Some Traditional Hispanic/Latinx Foods Can Be Rich and Heavy—Are There Ways to Make These Beloved Foods Healthier?
Enjoying your family's traditional foods on occasion isn't the problem. Adopting healthier daily habits makes the difference.
Lorena Alarcon-Casas Wright, M.D., director of the LatinX Diabetes Clinic at the University of Washington School of Medicine in Seattle, talks about how to keep enjoying the best of your culture's cooking without throwing your diabetes treatment out the window.
I really like cooking because I think it is very creative, and we can always modify the traditional foods. I love traditional Mexican food and Puerto Rican food. One way to modify, for example, is to add more vegetables to everything that we cook. We can have that same dish, but we have grilled vegetables on the side and we include the grilled vegetables in it. Then the portion of what is not so healthy will be smaller. We can also substitute butter or lard with olive oil and that might still taste pretty good.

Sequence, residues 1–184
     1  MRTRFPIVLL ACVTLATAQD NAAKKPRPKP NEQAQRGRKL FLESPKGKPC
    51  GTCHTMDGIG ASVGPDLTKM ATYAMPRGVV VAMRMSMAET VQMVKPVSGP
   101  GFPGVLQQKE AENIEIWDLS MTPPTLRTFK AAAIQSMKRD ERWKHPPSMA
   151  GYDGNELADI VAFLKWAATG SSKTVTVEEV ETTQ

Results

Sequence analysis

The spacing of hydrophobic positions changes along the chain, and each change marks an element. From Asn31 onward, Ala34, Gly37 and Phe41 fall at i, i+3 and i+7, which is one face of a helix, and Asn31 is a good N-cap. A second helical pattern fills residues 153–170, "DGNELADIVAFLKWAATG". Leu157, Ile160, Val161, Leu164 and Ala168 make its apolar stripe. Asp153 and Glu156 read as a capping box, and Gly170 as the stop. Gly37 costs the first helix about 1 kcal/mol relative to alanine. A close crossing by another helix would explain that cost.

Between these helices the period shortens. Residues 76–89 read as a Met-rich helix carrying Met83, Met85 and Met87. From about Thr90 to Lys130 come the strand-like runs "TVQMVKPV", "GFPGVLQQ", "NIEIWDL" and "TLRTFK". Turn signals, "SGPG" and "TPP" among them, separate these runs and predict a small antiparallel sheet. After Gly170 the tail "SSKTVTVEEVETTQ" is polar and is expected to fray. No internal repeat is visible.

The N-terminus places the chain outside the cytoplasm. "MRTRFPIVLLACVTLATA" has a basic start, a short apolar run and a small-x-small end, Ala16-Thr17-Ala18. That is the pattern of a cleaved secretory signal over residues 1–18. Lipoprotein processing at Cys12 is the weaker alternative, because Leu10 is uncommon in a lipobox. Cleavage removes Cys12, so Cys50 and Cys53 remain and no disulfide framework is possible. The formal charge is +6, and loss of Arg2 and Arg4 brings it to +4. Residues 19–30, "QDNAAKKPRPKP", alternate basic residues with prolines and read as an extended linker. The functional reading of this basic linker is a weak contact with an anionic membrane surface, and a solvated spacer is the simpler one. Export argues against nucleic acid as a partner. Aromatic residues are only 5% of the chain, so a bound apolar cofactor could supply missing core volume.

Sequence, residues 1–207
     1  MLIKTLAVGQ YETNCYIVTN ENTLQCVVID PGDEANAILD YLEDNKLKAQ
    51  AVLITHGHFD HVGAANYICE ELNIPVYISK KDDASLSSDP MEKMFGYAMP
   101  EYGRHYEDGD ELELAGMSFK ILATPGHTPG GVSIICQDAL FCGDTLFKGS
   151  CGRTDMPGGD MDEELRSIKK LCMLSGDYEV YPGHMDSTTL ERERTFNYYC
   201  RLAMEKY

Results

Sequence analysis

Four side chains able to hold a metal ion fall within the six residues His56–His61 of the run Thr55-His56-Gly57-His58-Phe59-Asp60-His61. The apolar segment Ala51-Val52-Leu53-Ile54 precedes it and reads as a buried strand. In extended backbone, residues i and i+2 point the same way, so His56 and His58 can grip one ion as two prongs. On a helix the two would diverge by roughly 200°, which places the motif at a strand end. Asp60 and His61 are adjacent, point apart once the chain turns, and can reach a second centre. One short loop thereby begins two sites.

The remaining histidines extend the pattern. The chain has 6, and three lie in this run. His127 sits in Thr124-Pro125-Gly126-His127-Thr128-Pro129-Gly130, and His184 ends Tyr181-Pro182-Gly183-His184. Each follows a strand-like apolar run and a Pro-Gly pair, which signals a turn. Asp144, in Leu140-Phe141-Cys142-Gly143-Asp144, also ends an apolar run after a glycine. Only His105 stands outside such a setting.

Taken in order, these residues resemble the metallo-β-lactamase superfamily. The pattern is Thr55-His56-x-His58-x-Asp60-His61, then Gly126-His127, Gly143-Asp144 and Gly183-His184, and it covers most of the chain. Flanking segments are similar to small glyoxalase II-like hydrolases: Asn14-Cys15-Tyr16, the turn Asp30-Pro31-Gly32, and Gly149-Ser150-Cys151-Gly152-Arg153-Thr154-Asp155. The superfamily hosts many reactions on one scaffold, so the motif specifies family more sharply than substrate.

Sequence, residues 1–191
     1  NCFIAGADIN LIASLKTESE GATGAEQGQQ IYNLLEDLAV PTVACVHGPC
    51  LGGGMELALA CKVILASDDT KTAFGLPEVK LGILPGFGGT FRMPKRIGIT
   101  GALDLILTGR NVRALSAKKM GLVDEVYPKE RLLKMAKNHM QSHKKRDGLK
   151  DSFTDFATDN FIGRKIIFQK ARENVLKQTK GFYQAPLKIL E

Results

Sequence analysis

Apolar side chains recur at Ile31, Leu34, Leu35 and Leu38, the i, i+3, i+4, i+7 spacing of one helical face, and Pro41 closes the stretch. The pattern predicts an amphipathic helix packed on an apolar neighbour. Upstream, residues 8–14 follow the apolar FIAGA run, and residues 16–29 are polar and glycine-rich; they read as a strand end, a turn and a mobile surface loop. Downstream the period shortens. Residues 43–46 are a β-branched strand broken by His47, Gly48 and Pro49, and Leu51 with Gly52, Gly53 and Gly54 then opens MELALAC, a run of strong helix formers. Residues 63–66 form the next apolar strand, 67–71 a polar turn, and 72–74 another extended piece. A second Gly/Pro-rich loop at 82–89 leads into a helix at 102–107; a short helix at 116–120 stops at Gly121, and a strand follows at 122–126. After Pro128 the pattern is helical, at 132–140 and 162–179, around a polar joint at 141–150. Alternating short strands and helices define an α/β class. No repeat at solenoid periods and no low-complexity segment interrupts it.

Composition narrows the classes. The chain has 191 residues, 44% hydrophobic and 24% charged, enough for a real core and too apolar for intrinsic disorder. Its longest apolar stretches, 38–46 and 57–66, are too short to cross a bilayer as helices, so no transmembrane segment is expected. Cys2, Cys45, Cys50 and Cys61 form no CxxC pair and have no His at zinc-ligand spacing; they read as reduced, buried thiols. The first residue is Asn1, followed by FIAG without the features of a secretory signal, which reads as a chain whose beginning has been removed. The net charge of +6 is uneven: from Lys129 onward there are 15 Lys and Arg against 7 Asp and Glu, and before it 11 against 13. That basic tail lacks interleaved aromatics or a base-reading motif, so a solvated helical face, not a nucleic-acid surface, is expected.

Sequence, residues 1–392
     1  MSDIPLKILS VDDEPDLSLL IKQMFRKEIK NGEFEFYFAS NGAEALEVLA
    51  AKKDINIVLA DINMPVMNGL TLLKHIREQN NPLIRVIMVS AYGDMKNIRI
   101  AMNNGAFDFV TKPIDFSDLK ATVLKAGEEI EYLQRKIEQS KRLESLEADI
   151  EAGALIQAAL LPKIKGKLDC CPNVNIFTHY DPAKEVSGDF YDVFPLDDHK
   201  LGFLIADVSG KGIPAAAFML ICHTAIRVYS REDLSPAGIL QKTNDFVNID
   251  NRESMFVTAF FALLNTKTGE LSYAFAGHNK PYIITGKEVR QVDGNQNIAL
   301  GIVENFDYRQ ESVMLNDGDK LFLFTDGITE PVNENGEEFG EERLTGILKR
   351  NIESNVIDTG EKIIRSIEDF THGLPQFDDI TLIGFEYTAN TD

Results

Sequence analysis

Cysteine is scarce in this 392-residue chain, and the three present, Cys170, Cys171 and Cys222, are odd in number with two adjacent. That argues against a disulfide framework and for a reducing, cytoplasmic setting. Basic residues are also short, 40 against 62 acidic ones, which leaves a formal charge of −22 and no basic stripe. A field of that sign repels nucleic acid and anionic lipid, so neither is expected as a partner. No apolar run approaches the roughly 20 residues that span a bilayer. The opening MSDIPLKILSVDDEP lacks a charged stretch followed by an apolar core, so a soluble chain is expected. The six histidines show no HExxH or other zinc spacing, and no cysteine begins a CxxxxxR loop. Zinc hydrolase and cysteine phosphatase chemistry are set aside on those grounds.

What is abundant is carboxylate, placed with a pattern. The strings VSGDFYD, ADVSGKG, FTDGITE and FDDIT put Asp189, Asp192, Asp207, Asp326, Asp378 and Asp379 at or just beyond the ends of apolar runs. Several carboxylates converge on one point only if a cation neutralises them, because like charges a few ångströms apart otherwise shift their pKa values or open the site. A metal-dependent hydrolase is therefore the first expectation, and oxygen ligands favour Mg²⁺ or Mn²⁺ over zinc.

I think part of the problem is that sometimes we just don't really have a lot of time. I'm not completely sure whether our traditional foods are the culprit of the obesity and being overweight. It's true, a lot of these foods are not the healthiest, but we might not be eating that every day. Then perhaps paying attention to what we are eating every day, that are more likely to hurt us or to contribute to being overweight, like drinking sodas or juices. Those may be stronger contributors.
One of the main recommendations that I always have, is I just start by knowing what my patients are doing and then take it from there. The traditional foods and the foods that we really love, might not
necessarily be the problem. Sometimes we just eat them on special